New Brunswick

EI protesters in Tracadie-Sheila block traffic

About 300 people blocked traffic on Main Street in Tracadie-Sheila for several hours on Monday to protest new employment insurance rules.

Protesters are upset about new, stricter rules

A protest against Employment Insurance reforms drew a crowd of about 300 people in Tracadie-Sheila on Monday. (CBC)

About 300 people blocked traffic in Tracadie-Sheila for several hours on Monday to protest new employment insurance rules.

It's the third protest on the Acadian Peninsula in the past five days and one of several held across the province in recent months.

The protesters say they have no plans to stop, with another demonstration planned for Tuesday.

During Monday's protest, hundreds gathered on Main Street at about 7 a.m., burning tires and blocking off access to local businesses.

RCMP officers were keeping a close eye on the situation from both the ground and the sky. An RCMP helicopter kept watch over the protest.

The protesters said they blocked businesses because they want local employers to support them in their efforts.

Under the EI changes, protestors said seasonal workers will be cutting back on their shopping and won't be going out.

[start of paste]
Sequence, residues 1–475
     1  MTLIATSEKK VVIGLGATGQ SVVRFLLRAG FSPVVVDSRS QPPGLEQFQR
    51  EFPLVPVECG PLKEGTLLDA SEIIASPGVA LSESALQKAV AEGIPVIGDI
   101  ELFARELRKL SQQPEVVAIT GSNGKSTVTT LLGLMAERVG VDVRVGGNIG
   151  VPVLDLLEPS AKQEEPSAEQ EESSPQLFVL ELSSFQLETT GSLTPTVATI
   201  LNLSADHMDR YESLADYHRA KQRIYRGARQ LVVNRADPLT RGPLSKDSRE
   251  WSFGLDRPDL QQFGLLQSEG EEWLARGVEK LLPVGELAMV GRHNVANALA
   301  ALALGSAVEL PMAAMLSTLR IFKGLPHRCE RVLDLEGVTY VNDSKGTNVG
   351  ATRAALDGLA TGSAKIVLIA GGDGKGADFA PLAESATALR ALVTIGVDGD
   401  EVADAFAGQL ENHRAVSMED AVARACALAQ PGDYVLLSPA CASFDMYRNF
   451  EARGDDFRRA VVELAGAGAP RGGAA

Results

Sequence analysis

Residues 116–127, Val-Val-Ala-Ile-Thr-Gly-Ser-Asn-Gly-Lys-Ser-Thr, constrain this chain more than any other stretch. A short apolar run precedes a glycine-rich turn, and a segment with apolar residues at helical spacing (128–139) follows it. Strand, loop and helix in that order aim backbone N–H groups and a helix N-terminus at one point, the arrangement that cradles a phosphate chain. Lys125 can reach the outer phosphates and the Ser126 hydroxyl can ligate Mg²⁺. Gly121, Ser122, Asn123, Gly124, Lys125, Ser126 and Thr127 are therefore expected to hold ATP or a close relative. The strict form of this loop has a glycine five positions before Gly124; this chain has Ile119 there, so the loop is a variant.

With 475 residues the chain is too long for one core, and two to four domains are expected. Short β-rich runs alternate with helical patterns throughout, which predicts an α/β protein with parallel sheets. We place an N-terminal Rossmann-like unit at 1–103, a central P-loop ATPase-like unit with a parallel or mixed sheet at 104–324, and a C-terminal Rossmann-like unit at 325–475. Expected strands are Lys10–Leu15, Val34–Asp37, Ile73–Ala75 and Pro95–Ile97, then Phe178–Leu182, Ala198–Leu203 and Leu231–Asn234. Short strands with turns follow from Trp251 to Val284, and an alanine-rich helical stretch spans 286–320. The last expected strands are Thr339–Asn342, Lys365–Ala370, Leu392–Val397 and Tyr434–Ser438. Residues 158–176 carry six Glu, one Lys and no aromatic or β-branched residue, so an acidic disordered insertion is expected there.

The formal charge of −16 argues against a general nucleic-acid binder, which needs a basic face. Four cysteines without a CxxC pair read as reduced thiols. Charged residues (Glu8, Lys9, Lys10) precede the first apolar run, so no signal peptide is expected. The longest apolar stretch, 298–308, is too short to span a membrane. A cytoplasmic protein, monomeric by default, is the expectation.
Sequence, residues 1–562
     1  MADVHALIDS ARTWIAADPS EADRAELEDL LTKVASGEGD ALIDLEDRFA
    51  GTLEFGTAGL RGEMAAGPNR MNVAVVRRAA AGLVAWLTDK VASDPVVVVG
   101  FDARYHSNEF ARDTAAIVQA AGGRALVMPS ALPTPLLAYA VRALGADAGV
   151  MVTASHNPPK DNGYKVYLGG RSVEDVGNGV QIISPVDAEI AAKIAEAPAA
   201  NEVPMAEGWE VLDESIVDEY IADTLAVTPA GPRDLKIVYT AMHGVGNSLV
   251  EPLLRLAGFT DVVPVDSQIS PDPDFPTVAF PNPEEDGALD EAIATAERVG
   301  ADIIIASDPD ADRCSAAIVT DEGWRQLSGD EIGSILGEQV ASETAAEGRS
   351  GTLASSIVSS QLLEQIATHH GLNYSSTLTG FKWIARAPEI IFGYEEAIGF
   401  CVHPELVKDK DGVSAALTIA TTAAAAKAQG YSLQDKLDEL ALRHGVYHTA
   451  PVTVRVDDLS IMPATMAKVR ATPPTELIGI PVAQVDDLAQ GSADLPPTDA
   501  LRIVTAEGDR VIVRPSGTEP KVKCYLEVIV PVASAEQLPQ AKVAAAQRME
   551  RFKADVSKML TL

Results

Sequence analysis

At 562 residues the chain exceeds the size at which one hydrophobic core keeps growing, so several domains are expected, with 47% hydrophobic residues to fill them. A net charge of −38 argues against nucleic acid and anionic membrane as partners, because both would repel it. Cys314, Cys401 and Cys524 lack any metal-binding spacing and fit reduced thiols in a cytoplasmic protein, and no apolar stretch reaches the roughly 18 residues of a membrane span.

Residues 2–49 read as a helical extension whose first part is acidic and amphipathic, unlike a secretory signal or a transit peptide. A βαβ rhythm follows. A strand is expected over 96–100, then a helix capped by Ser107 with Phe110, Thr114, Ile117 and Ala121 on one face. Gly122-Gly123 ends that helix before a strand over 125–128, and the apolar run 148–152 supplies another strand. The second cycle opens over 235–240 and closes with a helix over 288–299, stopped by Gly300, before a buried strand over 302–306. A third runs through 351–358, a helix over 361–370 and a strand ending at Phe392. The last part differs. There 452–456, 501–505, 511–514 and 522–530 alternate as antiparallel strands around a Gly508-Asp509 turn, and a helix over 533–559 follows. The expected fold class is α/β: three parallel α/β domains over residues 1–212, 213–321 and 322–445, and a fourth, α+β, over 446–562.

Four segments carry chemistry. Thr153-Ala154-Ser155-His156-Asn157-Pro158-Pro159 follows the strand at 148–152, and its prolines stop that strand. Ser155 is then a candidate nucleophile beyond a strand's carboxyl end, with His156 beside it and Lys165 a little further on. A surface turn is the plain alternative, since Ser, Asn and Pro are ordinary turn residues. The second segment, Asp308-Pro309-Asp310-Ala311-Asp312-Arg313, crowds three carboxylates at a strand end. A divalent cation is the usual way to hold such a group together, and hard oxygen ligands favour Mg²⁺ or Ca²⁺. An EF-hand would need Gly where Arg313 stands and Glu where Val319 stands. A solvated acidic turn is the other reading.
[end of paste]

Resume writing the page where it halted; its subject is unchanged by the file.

The new rules, which took effect on Jan. 6, require frequent EI claimants, such as seasonal workers, to do more to prove they are looking for work.

Under the reforms, announced in May, repeat claimants may also have to accept jobs that could pay 30 per cent less than their normal wages and be located an hour's drive from home away.

"Ask Steve Harper to have a heart and scrap the changes," said Michel Boudreau, president of the New Brunswick Federation of Labour.

Sandy Harding, CUPE president for educational support staff, said many already earn salaries at the poverty line at $17,000 a year.

Harding, a school administrative assistant, has been collecting EI for the last 20 years when school's out.

"What employer is going to invest in me, train in me, for me to go back to my job that's there 10 months out of the year? It just makes no sense," she said.

Daniel Légère, president of CUPE New Brunswick, said there will be long-term consequences to the changes.

"For some who choose not to go out west, what's going to happen to them? Like our educational support staff, will they be forced to go on welfare during the summer, because there's no employment for them in their communities, and their EI is cut off?"

New Brunswick, which has a lot of seasonal industries, is traditionally one of the most heavily dependent provinces on the EI program.

In the past year, there was an average of 35,019 EI clients each month, with the number reaching as high as 45,830.

In December, about 200 people occupied the Service Canada office in Tracadie-Sheila to protest the reforms.